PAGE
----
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Indiana Jones: Harrison Ford Is Proudest Of Making This Decision For The Character

If there ever was an actor who has made a character their own, it would be Harrison Ford — twice — with Han Solo in the "Star Wars" saga and again with the titular adventurous archeologist in the "Indiana Jones" film series.

Save for a brief cameo in 2019's "The Rise of Skywalker," Ford said goodbye to Han Solo in 2015 with the release of "Star Wars: Episode VII – The Force Awakens," and the new film "Indiana Jones and the Dial of Destiny" marks the venerable actor's swan song as Indy. Naturally, the release of the fifth and final Indy chapter with "The Dial of Destiny" has Ford reminiscing about the films in the series, which dates back over four decades to "Raiders of the Lost Ark." In addition, the end of the franchise has Ford recalling the decisions he's made about the character that helped make Indy the legend that he is today.

Asked by Jake's Takes about the decision that he's most proud of regarding the film series, Ford said it was to bring the character back for one more go-round after the release of the fourth Indy film, "Indiana Jones and the Kingdom of the Crystal Skull," in 2008.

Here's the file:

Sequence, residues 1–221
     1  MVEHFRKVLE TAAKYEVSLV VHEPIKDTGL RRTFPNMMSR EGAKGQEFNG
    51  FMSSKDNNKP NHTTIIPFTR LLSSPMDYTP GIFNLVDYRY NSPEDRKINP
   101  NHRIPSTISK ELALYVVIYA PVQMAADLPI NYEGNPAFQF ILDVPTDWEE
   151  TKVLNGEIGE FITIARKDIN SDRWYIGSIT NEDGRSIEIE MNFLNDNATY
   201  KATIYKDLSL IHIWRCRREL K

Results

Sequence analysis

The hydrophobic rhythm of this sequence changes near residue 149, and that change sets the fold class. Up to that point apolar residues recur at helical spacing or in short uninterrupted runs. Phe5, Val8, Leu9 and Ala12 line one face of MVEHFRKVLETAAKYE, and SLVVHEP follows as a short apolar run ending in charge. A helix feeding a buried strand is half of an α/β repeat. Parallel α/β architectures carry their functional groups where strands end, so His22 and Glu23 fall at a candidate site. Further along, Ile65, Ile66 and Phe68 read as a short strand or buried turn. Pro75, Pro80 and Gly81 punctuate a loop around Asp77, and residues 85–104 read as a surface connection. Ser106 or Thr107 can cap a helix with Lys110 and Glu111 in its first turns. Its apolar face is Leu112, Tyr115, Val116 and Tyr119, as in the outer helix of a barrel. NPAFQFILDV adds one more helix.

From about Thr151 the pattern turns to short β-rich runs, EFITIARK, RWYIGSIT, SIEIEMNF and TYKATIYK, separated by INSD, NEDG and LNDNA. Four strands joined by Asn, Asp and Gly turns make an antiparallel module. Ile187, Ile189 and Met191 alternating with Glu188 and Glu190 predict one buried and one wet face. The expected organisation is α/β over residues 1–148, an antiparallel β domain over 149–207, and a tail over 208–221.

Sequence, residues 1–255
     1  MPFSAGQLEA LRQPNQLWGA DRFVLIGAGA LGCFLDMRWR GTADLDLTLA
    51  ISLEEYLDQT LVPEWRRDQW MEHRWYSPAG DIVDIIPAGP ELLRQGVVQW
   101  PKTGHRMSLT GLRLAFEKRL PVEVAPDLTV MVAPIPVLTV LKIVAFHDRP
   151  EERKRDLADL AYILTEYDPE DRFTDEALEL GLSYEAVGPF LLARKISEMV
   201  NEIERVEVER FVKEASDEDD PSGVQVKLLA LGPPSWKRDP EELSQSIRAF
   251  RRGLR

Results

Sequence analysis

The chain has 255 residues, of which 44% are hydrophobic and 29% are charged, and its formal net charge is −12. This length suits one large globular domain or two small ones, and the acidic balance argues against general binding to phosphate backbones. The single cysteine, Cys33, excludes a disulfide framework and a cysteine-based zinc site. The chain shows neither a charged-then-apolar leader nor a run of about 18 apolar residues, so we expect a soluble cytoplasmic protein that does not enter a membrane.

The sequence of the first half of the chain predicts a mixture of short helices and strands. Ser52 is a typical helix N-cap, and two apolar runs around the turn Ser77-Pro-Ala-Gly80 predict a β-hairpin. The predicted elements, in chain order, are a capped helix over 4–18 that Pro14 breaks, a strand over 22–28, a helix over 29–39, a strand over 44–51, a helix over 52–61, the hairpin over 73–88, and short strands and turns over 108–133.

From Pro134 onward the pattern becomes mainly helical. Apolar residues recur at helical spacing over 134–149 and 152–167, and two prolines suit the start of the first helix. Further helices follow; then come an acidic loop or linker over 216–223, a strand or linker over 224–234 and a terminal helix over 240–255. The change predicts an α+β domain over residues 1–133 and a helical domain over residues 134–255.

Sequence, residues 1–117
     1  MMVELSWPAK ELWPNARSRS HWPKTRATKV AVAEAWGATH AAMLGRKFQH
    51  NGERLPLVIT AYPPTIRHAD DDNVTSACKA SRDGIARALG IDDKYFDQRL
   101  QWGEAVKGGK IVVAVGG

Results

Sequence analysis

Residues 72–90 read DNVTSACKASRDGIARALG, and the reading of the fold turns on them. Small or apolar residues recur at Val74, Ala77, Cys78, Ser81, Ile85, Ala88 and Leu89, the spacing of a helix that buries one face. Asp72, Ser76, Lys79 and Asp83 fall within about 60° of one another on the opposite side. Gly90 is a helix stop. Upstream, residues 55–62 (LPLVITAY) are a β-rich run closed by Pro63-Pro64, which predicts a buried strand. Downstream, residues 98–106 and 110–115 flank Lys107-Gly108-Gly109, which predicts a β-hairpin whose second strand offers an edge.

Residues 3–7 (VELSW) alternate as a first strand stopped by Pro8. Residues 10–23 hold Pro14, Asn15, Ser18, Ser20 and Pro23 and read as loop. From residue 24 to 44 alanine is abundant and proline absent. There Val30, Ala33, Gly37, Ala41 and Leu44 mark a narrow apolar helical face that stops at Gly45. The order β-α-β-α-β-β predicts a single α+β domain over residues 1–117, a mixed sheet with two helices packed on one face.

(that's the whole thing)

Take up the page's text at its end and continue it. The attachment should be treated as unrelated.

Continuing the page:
"The decision I'm most proud of is pressing to do this fifth film," Ford explained. "We've been away from him for 15 years. That's enough time for him to change from the character that we've known to what you have left, which is an older man. I wanted to tell the story of that older man."

Ford wanted audiences to see an adventure Indiana Jones wasn't prepared for

To reacquaint audiences with the essence of who Indiana Jones is in "The Dial of Destiny," director James Mangold begins the film in the early 1940s, using de-aging technology and decades-old footage of Harrison Ford that fans never got to see to create a dazzling opening sequence.

In the scene, Indy and fellow archaeologist, Basil Shaw (Toby Jones), acquire one of two parts of Archimedes' Antikythera, also known as "The Dial of Destiny" — a device that legend says can open time portals to the past. The film then leaps forward to 1969, where Indy appears as a broken man suffering from a pair of huge personal losses. However, when Basil's adult daughter (and Indy's goddaughter), Helena Shaw (Phoebe Waller-Bridge), turns up and says she's pursuing the second half of the dial, the adventurer is convinced to hit the road with her despite the danger it involves.

So, while "The Dial of Destiny" marks Indiana Jones' farewell, Ford said the film is effectively a reflection of his previous adventures that sets up his one last hurrah. "I'd like the audience to understand what the history of those four films — what the result of that is, and the result of that is 20 minutes into the film," the actor told Jake's Takes. "And then we have to pick that person up — that character up — and put him in a new adventure that he's totally unprepared for and see the result."

As a result, the film holds true to the one thing that Ford has in mind when portraying Indiana Jones, which is to see the character evolve.

"Indiana Jones and the Dial of Destiny" is playing in theaters.